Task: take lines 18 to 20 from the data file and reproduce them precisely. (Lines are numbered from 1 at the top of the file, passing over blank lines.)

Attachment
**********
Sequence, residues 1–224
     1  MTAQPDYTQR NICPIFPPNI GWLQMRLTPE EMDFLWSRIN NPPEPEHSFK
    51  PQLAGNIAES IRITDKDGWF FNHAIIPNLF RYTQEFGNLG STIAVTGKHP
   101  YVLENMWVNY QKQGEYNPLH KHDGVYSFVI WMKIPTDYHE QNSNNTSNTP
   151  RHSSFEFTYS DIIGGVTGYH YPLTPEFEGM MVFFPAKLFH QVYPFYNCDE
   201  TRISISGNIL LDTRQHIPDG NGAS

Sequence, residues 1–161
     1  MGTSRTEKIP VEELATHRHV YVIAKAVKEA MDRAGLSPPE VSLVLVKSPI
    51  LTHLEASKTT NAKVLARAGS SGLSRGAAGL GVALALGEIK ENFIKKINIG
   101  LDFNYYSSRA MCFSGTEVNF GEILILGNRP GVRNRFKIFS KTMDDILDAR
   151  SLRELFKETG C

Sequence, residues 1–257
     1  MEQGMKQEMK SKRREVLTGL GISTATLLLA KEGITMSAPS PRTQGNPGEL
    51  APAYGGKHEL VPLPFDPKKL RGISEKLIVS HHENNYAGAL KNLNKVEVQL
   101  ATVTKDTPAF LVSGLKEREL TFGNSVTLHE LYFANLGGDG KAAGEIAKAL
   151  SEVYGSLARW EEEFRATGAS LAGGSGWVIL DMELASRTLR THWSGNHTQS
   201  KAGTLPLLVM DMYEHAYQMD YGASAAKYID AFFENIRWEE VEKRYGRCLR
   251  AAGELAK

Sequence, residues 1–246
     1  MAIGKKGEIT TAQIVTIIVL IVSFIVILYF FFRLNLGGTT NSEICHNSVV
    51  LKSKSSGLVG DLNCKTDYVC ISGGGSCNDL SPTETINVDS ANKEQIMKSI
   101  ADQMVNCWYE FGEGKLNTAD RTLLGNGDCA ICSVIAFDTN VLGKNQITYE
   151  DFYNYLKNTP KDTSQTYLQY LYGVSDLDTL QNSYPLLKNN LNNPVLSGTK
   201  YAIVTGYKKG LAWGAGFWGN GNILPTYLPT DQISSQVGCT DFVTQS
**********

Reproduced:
   251  AAGELAK

Sequence, residues 1–246
     1  MAIGKKGEIT TAQIVTIIVL IVSFIVILYF FFRLNLGGTT NSEICHNSVV